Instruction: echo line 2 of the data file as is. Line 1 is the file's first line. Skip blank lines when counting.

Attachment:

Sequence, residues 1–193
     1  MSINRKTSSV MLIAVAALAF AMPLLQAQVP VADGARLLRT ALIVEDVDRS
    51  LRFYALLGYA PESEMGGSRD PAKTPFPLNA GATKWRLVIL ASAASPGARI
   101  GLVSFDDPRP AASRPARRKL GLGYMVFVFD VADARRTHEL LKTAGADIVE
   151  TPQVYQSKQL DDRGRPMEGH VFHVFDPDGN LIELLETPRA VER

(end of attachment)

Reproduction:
     1  MSINRKTSSV MLIAVAALAF AMPLLQAQVP VADGARLLRT ALIVEDVDRS